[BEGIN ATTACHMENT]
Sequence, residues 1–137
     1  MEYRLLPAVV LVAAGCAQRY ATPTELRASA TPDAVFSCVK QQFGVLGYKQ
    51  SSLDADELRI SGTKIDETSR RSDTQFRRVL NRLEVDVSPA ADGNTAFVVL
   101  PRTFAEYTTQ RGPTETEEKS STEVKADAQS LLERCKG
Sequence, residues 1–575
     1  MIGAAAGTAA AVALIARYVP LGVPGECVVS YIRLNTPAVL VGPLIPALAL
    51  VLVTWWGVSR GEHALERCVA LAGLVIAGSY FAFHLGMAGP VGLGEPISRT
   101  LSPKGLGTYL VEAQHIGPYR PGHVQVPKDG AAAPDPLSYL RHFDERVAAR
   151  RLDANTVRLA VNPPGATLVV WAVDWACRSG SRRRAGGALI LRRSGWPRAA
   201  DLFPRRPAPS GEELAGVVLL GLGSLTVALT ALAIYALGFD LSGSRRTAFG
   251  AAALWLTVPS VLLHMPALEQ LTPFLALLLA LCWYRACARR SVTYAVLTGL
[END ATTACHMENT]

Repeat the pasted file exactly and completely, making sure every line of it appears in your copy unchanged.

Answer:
Sequence, residues 1–137
     1  MEYRLLPAVV LVAAGCAQRY ATPTELRASA TPDAVFSCVK QQFGVLGYKQ
    51  SSLDADELRI SGTKIDETSR RSDTQFRRVL NRLEVDVSPA ADGNTAFVVL
   101  PRTFAEYTTQ RGPTETEEKS STEVKADAQS LLERCKG
Sequence, residues 1–575
     1  MIGAAAGTAA AVALIARYVP LGVPGECVVS YIRLNTPAVL VGPLIPALAL
    51  VLVTWWGVSR GEHALERCVA LAGLVIAGSY FAFHLGMAGP VGLGEPISRT
   101  LSPKGLGTYL VEAQHIGPYR PGHVQVPKDG AAAPDPLSYL RHFDERVAAR
   151  RLDANTVRLA VNPPGATLVV WAVDWACRSG SRRRAGGALI LRRSGWPRAA
   201  DLFPRRPAPS GEELAGVVLL GLGSLTVALT ALAIYALGFD LSGSRRTAFG
   251  AAALWLTVPS VLLHMPALEQ LTPFLALLLA LCWYRACARR SVTYAVLTGL